SciAgents is an an agent-based approach to building Multidisciplinary Problem Solving Environments which is naturally parallel and highly scalable; and is especially suited for a distributed high performance computing environments. The new economic realities require the rapid prototyping of manufactured artifacts and rapid solutions to problems with numerous interrelated elements. This, in turn, requires the fast, accurate simulation of physical processes and design optimization using knowledge and computational models from multiple disciplines in science and engineering. High Performance Computing & Communication (HPCC) Systems facilitate this scenario. Many hitherto dormant and difficult challenges in applied sciences and engineering, such as modeling protein folding or internal combustion engine design or intelligent transportation systems (ITS), have become feasible to attack using the power of HPCC. The evolution of the Internet into the Global Information Infrastructure (GII), and the concomitant growth of computational power and network bandwidth suggests that computational modeling and experimentation will continue to grow in importance as a tool for big and small science. Networked Scientific Computing (NSC), which will allow us to use the high performance communication infrastructure (vBNS, Internet II etc.) to view heterogeneous networked hardware(HPC) and software resources as a single ``meta computer'', seems to be the next step in the evolution of the HPCC. NSC enables scientists to begin to address the class of complex problems that are envisaged in the Accelerated Strategic Computing Initiative (ASCI) from DOE. In this type of problems, the design process will operate at the scale of the whole physical system with a large number of components that have different shapes, obey different physical laws and manufacturing constraints, and interact with each other through geometric and physical interfaces. The SciAgents system is guided by this vision, and uses software components and agent based collaborative techniques. It allows wholesale reuse of legacy software and provide a natural approach to parallel and distributed problem solving.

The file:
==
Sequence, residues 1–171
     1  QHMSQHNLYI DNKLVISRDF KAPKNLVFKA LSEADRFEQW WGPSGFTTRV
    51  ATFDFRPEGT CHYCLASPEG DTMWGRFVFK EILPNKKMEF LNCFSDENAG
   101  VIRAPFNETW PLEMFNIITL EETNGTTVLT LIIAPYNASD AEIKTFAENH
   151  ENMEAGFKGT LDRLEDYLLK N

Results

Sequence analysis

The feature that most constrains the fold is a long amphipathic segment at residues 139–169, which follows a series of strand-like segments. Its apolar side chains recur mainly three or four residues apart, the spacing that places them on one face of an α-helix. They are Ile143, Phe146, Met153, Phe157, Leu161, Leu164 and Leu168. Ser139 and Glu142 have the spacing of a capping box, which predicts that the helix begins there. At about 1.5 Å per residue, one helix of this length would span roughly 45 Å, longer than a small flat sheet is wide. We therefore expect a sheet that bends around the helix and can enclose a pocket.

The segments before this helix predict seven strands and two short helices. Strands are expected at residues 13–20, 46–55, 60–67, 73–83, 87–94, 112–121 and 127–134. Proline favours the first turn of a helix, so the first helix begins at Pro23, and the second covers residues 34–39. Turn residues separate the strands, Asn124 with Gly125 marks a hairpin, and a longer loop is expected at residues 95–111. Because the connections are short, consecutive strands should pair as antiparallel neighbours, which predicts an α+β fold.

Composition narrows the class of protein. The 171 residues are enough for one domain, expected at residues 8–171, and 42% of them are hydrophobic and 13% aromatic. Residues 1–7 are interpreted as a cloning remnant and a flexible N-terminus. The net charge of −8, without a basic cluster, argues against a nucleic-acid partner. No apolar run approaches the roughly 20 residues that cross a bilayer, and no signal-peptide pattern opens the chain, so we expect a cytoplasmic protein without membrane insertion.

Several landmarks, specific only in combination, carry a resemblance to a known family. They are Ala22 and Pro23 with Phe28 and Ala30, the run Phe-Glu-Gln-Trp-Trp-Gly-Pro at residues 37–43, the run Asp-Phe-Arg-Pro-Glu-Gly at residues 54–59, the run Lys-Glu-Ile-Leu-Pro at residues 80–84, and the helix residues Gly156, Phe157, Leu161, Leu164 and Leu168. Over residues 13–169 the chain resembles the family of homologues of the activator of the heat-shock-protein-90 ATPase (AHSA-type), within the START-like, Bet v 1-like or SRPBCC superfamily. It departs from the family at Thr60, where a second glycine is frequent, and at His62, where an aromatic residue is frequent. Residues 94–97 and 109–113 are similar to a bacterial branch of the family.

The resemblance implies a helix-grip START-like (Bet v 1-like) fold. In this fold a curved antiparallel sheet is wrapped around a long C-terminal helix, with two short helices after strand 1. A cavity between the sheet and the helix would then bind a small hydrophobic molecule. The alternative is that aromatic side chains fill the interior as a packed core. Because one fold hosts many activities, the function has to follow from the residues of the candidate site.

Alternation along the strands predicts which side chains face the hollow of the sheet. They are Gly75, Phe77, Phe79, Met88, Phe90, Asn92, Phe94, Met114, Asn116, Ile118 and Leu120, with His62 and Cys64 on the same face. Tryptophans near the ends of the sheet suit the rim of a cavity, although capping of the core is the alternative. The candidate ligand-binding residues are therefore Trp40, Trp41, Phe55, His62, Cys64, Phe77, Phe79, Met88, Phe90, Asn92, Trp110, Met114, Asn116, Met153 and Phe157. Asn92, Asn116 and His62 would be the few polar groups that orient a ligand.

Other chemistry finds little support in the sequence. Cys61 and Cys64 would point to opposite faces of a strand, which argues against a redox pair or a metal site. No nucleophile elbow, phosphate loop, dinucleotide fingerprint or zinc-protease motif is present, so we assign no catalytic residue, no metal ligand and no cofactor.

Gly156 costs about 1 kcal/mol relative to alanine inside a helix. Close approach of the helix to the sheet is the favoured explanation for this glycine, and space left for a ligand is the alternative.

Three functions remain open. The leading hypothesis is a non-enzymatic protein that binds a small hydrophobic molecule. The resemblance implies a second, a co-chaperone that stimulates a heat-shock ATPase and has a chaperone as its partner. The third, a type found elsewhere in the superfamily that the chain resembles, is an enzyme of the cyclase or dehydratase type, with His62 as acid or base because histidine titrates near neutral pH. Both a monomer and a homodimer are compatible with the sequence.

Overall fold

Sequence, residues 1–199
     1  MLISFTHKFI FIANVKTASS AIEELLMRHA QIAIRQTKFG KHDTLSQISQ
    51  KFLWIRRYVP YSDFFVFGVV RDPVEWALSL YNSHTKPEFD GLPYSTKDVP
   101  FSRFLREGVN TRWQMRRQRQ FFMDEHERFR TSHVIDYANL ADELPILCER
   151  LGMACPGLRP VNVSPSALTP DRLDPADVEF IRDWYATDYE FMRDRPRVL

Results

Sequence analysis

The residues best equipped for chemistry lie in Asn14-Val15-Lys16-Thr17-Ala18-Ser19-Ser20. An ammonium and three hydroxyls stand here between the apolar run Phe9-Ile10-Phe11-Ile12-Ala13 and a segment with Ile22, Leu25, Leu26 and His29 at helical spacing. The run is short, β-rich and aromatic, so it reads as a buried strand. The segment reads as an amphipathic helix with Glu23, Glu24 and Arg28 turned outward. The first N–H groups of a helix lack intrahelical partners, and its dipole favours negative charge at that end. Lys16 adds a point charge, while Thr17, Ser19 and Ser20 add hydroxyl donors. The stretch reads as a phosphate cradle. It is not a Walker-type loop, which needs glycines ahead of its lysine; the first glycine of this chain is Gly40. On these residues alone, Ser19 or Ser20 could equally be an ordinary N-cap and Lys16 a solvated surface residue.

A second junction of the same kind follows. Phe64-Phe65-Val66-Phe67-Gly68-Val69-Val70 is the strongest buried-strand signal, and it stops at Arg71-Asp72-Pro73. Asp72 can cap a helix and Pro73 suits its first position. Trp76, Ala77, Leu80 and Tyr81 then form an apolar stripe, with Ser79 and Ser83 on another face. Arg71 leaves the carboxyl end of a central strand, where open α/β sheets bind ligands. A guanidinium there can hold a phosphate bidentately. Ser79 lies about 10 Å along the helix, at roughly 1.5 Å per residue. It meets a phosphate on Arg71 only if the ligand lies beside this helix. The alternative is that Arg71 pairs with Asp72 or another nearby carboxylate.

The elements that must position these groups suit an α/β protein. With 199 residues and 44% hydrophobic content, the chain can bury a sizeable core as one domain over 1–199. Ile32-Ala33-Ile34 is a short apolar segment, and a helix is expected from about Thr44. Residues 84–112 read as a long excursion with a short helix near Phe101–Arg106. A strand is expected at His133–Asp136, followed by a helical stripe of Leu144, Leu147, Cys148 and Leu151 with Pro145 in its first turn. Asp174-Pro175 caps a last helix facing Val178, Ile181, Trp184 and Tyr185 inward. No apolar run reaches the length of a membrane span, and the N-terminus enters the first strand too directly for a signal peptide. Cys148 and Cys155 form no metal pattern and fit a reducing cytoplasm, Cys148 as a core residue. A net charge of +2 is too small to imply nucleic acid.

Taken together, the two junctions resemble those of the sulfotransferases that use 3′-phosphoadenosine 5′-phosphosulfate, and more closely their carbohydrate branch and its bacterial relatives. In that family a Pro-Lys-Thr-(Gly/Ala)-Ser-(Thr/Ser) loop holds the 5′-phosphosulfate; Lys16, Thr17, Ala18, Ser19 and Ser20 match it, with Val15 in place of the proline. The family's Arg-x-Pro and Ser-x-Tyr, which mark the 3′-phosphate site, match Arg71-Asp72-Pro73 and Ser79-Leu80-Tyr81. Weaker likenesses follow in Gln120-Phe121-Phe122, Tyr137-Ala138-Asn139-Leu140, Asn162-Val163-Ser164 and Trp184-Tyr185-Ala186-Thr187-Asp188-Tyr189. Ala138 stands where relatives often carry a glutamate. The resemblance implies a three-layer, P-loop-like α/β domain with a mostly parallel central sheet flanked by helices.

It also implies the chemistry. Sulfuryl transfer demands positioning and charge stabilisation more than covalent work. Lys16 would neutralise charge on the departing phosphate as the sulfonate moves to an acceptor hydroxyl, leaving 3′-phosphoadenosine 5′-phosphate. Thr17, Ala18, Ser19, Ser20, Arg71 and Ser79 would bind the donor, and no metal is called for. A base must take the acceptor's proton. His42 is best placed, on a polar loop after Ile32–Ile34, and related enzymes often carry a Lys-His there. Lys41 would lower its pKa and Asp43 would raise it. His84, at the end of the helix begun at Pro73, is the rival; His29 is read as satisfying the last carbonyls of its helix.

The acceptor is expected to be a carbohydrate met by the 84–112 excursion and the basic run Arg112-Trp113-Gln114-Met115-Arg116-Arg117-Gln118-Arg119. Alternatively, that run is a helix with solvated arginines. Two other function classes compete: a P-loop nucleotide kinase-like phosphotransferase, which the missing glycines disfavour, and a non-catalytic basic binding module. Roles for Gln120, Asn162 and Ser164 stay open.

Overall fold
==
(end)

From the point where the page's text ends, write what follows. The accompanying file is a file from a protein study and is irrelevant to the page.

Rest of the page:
Anupam Joshi